Felmersham Archaeology
Celtic Grave Goods

During the Second World War, circa 1942, sand and gravel was extracted in an area to the north of the River Ouse at Felmersham. This area is now known as Felmersham Nature Reserve and is open to the public. 
During the gravel working some significant Celtic grave goods were found possibly placed in the grave of an important Celtic chief who lived over some 2000 years ago. Unfortunately they were extensively damage during excavation and it is also believed that many of the objects were not recovered.
However at least one of the pieces now on view in Bedford Museum is considered to be very rare.

Bronze "Hanging" Bowl
When in use this bowl would have hung from three finely worked chains. The fastening for one of the chains can be seen in the above photograph. Bowls of this type and quality are very rare and could only be afforded by rich and powerful.   Celtics wished to maintain their standing in society in the afterlife. Consequently they took their expensive objects to the grave so as to maintain their status in the life after death.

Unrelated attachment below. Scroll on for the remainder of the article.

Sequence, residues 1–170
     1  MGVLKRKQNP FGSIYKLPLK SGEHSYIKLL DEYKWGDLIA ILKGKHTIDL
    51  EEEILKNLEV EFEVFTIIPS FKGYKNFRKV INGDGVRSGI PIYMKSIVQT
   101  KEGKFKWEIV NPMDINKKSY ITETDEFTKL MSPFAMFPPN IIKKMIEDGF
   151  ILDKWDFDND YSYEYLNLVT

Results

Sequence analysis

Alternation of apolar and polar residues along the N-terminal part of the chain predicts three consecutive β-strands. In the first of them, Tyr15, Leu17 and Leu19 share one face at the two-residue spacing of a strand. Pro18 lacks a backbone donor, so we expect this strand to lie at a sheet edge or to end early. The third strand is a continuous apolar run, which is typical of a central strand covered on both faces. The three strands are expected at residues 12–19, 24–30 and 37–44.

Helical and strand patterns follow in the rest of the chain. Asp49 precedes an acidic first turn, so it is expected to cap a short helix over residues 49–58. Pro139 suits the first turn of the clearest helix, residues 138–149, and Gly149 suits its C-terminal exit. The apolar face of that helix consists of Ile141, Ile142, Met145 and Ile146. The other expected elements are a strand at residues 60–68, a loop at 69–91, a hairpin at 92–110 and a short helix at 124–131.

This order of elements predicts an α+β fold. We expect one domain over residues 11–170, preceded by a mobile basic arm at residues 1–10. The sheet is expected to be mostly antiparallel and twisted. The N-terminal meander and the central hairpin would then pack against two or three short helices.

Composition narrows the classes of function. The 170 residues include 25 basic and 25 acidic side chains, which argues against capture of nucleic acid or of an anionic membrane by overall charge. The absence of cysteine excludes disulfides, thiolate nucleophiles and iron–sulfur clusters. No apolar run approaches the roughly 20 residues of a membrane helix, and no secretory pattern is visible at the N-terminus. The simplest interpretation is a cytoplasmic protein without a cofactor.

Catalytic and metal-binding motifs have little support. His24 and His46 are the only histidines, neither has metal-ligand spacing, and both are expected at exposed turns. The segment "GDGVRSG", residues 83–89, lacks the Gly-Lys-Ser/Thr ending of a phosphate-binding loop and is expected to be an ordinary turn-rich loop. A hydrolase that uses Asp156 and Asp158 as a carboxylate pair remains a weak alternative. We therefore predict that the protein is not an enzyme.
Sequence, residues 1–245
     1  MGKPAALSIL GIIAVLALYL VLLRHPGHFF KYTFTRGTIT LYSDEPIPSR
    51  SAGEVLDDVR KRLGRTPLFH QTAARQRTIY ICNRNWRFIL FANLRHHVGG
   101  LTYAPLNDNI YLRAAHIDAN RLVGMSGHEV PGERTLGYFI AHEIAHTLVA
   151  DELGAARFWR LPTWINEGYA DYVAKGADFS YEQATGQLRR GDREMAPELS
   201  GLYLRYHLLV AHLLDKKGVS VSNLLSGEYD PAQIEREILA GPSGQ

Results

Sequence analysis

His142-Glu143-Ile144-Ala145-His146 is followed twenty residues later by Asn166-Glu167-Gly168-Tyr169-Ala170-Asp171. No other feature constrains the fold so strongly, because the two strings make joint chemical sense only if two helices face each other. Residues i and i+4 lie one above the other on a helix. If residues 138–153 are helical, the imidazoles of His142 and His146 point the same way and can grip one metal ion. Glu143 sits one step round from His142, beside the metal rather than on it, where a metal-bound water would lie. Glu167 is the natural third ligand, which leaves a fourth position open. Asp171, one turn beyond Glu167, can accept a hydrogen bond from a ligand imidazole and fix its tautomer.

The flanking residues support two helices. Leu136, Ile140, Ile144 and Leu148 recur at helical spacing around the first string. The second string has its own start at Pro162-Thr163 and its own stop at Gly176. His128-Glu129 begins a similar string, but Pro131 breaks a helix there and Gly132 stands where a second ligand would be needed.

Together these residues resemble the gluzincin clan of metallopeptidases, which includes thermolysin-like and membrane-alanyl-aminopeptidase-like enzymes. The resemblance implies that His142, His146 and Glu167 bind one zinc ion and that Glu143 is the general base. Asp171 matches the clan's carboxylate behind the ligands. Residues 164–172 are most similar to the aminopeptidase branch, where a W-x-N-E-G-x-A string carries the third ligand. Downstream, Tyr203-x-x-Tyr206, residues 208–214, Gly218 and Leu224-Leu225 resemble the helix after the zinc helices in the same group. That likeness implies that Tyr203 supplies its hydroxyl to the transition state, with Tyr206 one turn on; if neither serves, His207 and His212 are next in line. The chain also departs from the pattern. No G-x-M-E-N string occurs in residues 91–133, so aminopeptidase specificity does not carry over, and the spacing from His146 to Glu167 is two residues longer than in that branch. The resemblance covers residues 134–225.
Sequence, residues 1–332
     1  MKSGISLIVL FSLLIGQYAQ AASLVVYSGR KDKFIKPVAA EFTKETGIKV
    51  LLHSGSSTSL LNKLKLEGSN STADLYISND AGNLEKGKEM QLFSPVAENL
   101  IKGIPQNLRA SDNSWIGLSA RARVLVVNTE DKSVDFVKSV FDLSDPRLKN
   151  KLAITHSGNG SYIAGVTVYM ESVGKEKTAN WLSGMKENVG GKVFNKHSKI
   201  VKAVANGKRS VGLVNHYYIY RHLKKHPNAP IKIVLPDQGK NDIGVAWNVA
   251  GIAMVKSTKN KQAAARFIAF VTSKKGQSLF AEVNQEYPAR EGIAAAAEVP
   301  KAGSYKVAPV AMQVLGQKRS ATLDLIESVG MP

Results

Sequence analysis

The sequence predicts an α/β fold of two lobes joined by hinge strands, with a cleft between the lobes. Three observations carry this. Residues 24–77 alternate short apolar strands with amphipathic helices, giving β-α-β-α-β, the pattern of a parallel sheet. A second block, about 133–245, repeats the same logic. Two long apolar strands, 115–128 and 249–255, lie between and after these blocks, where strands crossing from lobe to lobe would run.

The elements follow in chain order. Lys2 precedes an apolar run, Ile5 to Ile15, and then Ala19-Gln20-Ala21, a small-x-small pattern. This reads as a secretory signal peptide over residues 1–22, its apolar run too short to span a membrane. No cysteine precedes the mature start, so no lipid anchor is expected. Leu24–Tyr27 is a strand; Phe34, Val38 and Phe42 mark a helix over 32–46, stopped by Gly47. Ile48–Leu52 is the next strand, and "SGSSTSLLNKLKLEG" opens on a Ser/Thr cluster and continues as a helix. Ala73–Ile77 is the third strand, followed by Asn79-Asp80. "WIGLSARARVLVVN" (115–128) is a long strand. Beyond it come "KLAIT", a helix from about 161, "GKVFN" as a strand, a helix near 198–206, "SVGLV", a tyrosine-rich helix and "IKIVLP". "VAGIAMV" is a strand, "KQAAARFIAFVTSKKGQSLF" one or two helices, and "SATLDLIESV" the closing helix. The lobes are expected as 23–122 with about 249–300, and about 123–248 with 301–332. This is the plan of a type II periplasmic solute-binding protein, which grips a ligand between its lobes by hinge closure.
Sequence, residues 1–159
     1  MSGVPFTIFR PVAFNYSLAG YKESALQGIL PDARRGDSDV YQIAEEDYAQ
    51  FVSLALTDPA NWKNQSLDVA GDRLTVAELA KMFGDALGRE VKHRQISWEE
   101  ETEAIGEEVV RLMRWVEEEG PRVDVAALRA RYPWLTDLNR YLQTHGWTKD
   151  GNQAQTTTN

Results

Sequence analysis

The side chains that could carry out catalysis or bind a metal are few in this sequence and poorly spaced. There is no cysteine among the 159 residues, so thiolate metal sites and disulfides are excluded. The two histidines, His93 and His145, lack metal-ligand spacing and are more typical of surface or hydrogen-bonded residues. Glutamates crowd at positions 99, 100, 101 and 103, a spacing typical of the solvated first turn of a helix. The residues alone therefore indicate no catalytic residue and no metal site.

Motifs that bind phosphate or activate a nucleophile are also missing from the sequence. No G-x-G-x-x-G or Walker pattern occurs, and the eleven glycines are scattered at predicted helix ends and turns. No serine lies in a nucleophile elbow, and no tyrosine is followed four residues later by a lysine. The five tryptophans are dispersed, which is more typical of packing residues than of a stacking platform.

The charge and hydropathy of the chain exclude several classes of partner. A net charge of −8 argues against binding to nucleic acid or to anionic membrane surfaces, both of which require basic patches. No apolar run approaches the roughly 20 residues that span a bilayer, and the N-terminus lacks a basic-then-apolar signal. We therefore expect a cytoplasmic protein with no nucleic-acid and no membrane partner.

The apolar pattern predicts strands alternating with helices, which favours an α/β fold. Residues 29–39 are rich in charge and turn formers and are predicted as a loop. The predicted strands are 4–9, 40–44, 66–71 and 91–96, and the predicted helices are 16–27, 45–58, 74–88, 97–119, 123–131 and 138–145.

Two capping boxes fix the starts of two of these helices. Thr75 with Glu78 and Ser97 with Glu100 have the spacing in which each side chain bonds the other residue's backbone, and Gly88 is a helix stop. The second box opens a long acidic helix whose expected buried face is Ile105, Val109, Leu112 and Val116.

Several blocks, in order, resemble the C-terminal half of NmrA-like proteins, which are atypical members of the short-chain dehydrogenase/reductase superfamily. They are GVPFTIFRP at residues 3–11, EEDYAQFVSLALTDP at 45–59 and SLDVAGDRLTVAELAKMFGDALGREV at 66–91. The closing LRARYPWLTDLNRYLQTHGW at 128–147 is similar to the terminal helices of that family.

Bronze Spout from a Beer Strainer

This cast bronze spout is in the form of a fish head, probably a salmon. The Celtics believed that salmon provided them with knowledge and wisdom.
The spout was worked in beeswax and clay was then moulded around the wax. The wax was removed by melting and bronze poured into the clay mould. Finally the bronze casting was coated with a red enamel which, over the years, has mostly disappeared.
It was probably made circa 100BC.

     © K F Shrimpton who wishes to thank Bedford Museum
      for allowing photographs to be taken.

      Some of the text is précised from the display cards in
      Bedford Museum.


Bronze Bucket Handle
Buckets, cauldron, bowls and strainers were very important as ritual objects. As well as being useful for every day living they were associated with the traditions of heroes, feasting and rebirth. Bulls were symbols of strength and fertility.
The pair of cattle heads, although appearing similar, are in fact different. Thus suggesting they were moulded using two different moulds.
The handle was fixed to the bucket by making two diametrically opposite holes near the rim of the bucket. The spigots at the rear of each head were engaged in the holes and riveted in position.

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